- Magician, Harry Houdini died on Halloween, 1926 in Detroit, MI.
- It is during the Halloween festivity that about 99% of pumpkins that are marketed domestically, are utilized for the purpose of making Jack O'Lanterns for the Halloween party.
- In America, Halloween is celebrated on a large scale and about 86% of Americans get actively engrossed in the task of doing haunted house Halloween decorations.
It is interesting to know that there is no word in the dictionary that is in rhyme with orange.
- People give the credit of starting the tradition of Trick or Treating to Irish people.
- Jerry Ayers of Baltimore was the one to make a world record of fastest pumpkin carving, by carving out a pumpkin in just 37 seconds.
- Vampires don’t really participate in the night Halloween party celebrations, because they consider Halloween to be tacky.
- People are of the belief that light keeps the monsters away. Thus they prefer lighting a pumpkin lantern with a candle on the Halloween night.
Pumpkins can also be spotted in the colors of white, blue and green.
- Orange and black are Halloween colors because orange is associated with the Fall harvest and black is associated with darkness and death.
- Jack o’ lanterns originated in Ireland where people placed candles in hollowed-out turnips to keep away spirits and ghosts on the Samhain holiday.
- Pumpkins also come in white, blue and green. Great for unique monster carvings!
- Halloween was brought to North America by immigrants from Europe who would celebrate the harvest around a bonfire, share ghost stories, sing, dance and tell fortunes.
- Tootsie Rolls were the first wrapped penny candy in America.
- The ancient Celts thought that spirits and ghosts roamed the countryside on Halloween night. They began wearing masks and costumes to avoid being recognized as human.
- Halloween candy sales average about 2 billion dollars annually in the United States.
- Chocolate candy bars top the list as the most popular candy for trick-or-treaters with Snickers #1.
- Halloween is the 2nd most commercially successful holiday, with Christmas being the first.
- Bobbing for apples is thought to have originated from the roman harvest festival that honors Pamona, the goddess of fruit trees.
- Black cats were once believed to be witch's familiars who protected their powers.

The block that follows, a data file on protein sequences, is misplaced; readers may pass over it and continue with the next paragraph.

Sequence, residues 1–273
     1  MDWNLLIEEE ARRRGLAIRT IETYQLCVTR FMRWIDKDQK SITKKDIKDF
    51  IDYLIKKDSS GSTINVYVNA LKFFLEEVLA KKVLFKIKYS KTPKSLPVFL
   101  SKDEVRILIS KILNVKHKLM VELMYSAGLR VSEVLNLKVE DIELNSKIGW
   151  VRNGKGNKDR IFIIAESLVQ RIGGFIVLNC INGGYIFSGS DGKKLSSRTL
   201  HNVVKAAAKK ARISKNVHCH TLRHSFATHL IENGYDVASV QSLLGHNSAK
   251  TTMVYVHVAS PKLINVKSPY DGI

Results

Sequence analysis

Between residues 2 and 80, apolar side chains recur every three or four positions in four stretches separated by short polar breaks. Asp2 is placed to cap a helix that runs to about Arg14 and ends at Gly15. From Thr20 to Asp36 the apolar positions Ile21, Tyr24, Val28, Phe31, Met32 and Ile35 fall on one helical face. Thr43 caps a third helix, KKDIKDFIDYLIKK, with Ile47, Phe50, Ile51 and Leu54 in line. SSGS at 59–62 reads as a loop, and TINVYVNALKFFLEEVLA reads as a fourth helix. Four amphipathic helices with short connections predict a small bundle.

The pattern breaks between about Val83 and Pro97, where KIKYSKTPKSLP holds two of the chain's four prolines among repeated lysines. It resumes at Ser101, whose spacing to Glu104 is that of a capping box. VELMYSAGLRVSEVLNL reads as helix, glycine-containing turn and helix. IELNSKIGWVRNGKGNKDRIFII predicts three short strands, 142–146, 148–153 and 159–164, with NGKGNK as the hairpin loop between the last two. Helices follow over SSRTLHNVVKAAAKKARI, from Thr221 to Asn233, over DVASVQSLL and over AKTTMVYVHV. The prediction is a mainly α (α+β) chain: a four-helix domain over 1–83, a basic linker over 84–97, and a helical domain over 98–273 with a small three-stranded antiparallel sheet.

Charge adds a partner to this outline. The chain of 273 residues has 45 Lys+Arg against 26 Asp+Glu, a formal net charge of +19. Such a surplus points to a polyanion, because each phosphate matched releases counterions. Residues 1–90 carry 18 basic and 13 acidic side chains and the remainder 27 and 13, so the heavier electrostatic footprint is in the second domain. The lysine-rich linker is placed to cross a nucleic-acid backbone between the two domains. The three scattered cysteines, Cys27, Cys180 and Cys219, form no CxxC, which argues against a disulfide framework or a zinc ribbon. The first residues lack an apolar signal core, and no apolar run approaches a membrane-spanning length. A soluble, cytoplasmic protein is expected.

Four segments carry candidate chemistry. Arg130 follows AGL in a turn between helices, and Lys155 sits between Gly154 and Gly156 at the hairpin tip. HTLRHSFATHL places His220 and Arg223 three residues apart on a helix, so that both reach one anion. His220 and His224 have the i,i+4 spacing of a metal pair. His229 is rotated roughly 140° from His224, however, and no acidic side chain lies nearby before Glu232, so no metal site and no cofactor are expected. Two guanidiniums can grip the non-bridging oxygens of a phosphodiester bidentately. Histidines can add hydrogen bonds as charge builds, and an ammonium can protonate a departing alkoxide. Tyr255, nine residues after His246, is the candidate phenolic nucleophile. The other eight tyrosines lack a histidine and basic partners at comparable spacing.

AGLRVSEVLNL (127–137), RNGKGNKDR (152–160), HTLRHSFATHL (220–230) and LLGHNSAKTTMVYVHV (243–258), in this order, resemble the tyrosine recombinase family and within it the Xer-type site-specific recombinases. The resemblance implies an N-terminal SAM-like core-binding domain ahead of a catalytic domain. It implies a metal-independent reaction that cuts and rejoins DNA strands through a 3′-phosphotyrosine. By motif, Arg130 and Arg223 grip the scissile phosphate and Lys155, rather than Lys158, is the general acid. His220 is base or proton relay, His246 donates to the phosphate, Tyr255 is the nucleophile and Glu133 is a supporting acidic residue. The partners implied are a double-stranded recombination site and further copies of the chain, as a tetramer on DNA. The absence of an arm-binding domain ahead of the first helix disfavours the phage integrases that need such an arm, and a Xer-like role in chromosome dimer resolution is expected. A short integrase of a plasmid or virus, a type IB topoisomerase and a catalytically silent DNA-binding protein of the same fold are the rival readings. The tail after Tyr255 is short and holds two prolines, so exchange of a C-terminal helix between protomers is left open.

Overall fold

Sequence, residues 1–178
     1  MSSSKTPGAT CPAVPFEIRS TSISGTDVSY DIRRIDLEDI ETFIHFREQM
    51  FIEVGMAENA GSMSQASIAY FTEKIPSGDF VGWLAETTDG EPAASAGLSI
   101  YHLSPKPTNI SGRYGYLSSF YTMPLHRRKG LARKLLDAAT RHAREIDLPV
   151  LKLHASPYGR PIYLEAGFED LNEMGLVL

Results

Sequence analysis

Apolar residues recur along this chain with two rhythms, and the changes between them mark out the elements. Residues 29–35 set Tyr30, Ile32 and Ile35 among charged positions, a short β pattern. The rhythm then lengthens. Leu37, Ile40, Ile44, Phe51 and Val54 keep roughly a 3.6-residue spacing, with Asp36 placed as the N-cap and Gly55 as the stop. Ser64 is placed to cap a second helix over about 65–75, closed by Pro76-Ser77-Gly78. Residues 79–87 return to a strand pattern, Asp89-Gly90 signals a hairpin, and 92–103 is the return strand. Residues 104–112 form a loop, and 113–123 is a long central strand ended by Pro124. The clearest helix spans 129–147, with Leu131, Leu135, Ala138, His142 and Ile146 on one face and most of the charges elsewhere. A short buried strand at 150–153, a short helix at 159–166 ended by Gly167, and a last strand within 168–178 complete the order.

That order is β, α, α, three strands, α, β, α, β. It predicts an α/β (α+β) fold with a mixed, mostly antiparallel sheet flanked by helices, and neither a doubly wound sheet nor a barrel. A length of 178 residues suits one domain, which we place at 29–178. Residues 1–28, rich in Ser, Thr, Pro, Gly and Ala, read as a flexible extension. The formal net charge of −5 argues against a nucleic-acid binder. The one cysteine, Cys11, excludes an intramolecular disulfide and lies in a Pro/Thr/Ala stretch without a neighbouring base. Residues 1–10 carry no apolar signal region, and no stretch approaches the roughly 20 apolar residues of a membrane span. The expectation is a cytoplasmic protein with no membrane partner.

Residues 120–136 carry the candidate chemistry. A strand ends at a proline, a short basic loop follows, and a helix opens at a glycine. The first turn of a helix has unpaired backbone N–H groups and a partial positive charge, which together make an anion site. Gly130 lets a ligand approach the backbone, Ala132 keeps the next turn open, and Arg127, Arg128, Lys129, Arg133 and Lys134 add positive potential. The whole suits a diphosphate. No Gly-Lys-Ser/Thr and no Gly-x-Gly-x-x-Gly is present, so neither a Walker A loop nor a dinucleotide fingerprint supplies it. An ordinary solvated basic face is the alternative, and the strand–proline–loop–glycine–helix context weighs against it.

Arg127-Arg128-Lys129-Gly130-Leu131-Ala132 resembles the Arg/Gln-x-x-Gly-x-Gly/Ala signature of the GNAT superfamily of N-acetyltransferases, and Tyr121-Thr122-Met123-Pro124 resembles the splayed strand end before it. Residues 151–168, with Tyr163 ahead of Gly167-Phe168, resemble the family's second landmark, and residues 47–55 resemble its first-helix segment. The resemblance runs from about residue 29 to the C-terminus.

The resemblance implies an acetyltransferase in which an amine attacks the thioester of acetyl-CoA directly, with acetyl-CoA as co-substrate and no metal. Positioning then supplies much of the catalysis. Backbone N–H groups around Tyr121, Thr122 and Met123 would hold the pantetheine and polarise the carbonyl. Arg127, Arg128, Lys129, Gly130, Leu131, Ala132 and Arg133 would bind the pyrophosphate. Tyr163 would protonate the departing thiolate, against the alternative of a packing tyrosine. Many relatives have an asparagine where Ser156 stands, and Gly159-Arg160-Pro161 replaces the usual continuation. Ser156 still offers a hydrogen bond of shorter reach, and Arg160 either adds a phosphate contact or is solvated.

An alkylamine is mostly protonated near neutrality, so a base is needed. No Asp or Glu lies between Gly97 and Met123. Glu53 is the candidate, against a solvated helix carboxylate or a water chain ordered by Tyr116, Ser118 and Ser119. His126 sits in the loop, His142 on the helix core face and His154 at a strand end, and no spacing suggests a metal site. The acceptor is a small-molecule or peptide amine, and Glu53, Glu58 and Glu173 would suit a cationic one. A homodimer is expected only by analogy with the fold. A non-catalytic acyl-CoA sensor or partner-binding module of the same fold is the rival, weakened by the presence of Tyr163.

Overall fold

- A majority of us, 48 percent, believe in ghosts.
- Twenty-two percent of Americans say they’ve seen or felt a ghost.
- Women are more likely to say they believe in ghosts than are men.
- More than half of younger Americans aged 18 to 45 believe in ghosts.
- A whopping 78 percent of us believe in life after death.
- Jerry Ayers of Baltimore, Ohio has the record for the fastest pumpkin carver at 37 seconds
- More than 93% of children, under the age of 12, will go out trick-or-treating
- About 50% of adults dress up for Halloween, while 67% take part in the activities, such as parties, decorating the house and trick-or-treating with their children
- 86% of Americans decorate their house for Halloween
- Halloween candy sales average about $2 billion annually in the United States. It is the largest candy-purchasing holiday, bigger than Christmas, Easter and Valentine's Day!
- The first Halloween card was made in the early 1920's. These days, over 28 million Halloween cards are sent each year. U.S. consumers spend about $50 million on Halloween greetings
- Over $1.5 billion is spent on costumes each year and more than $2.5 billion on other Halloween paraphernalia
- About 99% of pumpkins that are marketed domestically are turned into jack-o-lanterns
- The biggest pumpkin in the world tipped the scales at a whopping 1,446 pounds. This gigantic gourd was weighed in October 2004 at a pumpkin festival in Port Elgin, Ontario, Canada.
- More than 35 million pounds of candy corn will be produced this year. That equates to nearly 9 billion pieces - enough to circle the moon nearly 4 times if laid end-to-end.
- Halloween was born. The first Halloween celebration in America took place in Anoka, Minnesota in 1921.